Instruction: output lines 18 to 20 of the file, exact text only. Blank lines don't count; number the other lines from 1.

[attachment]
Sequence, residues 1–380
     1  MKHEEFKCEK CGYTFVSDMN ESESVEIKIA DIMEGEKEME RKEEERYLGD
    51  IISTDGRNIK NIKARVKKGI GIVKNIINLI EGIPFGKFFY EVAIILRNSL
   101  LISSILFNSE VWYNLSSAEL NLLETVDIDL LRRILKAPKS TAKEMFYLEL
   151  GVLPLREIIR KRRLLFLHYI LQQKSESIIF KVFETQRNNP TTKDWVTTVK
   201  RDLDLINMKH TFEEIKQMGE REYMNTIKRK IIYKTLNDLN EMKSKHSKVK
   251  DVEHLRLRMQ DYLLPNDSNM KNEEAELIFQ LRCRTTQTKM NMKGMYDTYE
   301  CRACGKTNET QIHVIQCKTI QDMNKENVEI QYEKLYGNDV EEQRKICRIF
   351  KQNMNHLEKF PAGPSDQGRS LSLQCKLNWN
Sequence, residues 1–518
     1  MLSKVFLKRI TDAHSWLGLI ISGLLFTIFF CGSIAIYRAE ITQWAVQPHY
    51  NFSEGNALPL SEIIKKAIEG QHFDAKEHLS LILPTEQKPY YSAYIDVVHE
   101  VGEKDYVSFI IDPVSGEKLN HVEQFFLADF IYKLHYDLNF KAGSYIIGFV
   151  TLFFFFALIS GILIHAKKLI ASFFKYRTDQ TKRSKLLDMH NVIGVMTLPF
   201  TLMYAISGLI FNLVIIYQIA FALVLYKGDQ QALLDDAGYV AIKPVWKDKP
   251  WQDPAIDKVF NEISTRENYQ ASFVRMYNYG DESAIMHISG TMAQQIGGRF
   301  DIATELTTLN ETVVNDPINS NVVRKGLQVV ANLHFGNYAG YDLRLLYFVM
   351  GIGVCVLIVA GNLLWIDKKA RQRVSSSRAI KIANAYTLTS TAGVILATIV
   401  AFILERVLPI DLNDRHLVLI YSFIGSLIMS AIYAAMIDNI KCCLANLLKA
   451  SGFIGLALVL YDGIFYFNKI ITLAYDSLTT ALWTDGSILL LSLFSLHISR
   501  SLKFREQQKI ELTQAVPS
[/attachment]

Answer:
   351  GIGVCVLIVA GNLLWIDKKA RQRVSSSRAI KIANAYTLTS TAGVILATIV
   401  AFILERVLPI DLNDRHLVLI YSFIGSLIMS AIYAAMIDNI KCCLANLLKA
   451  SGFIGLALVL YDGIFYFNKI ITLAYDSLTT ALWTDGSILL LSLFSLHISR